COLUMBIA, Mo. — Each year, the Horticulture and Agroforestry Research Center (HARC) and University of Missouri Center for Agroforestry (UMCA) host the family-friendly and educational Missouri Chestnut Roast event. This year is going to look a little bit different.
Instead of offering an in-person event at the Research Center, located in New Franklin, Mo., HARC and UMCA will go virtual this year, along with the rest of the University of Missouri College of Agriculture, Food and Natural Resources (CAFNR) Agricultural Research Centers during the annual field day season. The HARC Virtual Chestnut Roast will be held Saturday, Oct. 3, with numerous unique videos available through the Research Center’s website and Facebook page.
“The videos will include informative content on the production of pecan, chestnut and elderberry, from start to finish,” said Sarah Lovell, director of UMCA and co-superintendent of HARC. “While you won’t be able to smell the aroma or taste the flavor of roasted chestnuts, you will be treated to new behind-the-scenes footage and video tours of HARC that will immerse you in a true Missouri agroforestry landscape. The event promises to be inspiring for audiences near and far.”
The Virtual Chestnut Roast will include a keynote video given by Curtis Stone, known as “The Urban Farmer” from Canada, who, according to his website, has an area of expertise in quick-growing, high-value annual vegetables for direct consumer market streams.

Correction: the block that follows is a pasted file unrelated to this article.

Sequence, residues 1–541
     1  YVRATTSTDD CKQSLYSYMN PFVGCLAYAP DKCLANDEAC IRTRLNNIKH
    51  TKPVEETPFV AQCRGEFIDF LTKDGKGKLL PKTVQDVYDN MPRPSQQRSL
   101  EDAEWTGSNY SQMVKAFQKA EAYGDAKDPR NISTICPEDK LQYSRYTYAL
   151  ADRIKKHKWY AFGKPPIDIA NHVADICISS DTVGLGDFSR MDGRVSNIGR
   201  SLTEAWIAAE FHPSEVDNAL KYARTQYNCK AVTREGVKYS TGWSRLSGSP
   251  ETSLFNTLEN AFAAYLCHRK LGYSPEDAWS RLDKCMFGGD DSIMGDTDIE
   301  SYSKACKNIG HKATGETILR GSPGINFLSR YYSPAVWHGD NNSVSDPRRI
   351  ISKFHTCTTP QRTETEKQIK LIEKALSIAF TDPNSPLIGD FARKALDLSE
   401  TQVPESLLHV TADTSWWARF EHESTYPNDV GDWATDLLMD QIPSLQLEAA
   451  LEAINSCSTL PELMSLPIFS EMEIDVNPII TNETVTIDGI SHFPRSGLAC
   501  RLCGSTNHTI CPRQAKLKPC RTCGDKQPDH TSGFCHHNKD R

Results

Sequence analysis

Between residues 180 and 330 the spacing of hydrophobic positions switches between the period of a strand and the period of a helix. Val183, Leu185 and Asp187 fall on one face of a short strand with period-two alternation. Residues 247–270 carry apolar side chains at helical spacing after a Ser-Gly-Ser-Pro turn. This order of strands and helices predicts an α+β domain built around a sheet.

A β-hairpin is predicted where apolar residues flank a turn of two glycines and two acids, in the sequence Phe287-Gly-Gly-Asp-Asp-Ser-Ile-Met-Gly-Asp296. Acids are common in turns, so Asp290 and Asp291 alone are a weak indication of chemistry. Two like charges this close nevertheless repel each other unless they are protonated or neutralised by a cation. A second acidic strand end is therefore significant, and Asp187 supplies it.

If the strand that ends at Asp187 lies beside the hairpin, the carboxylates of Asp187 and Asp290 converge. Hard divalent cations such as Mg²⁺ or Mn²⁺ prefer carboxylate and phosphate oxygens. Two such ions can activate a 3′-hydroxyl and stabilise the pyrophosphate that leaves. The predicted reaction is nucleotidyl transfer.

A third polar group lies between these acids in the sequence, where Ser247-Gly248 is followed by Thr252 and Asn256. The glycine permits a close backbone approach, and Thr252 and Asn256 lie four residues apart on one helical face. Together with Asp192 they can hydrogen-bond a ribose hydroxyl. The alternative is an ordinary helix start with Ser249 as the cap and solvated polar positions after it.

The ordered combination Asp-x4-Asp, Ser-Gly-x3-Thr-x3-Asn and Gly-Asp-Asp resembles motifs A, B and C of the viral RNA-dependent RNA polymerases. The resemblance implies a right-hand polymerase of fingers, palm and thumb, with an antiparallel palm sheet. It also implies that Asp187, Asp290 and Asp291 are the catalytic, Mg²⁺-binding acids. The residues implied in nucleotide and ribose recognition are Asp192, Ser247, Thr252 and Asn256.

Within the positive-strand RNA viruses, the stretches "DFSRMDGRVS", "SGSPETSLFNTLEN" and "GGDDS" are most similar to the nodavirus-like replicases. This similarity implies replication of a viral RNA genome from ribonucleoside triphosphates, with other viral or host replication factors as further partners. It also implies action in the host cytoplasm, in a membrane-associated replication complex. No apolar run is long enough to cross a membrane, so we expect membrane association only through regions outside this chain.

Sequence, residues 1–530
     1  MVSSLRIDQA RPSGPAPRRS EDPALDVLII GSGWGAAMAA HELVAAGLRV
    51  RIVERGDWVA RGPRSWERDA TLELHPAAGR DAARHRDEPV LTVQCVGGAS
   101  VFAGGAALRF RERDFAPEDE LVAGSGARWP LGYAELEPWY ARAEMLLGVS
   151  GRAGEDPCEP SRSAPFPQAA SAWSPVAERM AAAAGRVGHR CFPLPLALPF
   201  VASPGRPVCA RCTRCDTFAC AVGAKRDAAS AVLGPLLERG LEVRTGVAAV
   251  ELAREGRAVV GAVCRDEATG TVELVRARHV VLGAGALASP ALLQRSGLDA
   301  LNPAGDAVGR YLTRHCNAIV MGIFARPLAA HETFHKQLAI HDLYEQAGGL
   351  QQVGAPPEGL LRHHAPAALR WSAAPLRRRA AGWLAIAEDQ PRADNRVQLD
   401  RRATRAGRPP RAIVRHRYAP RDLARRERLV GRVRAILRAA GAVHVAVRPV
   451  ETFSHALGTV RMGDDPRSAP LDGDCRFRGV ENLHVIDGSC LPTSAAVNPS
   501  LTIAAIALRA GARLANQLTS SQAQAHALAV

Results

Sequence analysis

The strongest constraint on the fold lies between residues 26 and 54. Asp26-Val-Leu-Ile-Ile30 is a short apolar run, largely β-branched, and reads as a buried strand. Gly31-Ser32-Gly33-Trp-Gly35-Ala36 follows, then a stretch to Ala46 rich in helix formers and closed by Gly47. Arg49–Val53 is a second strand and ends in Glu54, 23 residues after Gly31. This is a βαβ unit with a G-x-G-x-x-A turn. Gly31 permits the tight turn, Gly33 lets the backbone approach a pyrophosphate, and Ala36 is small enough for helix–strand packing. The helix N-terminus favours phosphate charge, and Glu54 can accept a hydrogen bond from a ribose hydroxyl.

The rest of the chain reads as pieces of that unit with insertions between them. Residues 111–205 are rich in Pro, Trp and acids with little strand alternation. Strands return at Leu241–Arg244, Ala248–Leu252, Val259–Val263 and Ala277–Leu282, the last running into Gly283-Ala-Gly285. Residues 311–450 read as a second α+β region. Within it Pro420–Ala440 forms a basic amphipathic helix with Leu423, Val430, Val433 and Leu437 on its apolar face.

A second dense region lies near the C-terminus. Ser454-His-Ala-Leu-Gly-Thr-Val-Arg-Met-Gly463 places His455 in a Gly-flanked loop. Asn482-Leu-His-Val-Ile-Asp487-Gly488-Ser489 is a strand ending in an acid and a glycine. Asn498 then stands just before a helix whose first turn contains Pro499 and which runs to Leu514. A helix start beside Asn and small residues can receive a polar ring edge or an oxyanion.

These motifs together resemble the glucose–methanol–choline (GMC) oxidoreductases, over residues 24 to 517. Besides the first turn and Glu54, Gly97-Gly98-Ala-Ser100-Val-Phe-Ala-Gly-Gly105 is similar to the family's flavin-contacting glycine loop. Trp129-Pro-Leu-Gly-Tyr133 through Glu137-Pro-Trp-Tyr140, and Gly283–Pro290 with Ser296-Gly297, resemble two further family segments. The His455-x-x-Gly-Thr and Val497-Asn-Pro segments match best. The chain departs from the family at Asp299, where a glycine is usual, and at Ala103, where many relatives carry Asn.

“Curtis will give us a personal tour of his new storage crop farm,” Lovell said. “It’s going to be a really unique presentation.”
Individuals can find the presentations beginning around 8:30 a.m. on Saturday, Oct. 3, on the Horticulture and Agroforestry Research Center Facebook page (facebook.com/mizzouharc/
“We have so many excellent researchers doing interesting and important work out at HARC,” Lovell said. “We are excited to be able to showcase all that they do, as well as offer our audience access to speakers who we don’t normally feature. It’s going to be an exciting event.”
— University of Missouri College of Agriculture, Food and Natural Resources
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